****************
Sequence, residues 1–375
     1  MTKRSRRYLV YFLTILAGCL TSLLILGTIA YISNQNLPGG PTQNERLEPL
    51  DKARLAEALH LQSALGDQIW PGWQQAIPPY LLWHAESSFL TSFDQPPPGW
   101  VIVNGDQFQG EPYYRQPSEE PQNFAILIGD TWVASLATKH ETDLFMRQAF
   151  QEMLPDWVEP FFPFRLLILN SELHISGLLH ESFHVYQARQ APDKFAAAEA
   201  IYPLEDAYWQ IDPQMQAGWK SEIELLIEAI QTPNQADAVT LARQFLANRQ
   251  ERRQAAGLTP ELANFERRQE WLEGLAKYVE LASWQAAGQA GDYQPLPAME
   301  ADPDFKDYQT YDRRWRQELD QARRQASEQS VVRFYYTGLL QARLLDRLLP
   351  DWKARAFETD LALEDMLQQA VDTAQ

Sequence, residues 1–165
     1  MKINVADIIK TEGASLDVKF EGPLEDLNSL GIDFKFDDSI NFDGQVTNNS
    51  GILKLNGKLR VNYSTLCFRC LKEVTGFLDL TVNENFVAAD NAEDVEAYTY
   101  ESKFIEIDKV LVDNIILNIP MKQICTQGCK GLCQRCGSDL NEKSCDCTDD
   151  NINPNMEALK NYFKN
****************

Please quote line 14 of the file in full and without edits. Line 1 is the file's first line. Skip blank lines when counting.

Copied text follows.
   151  NINPNMEALK NYFKN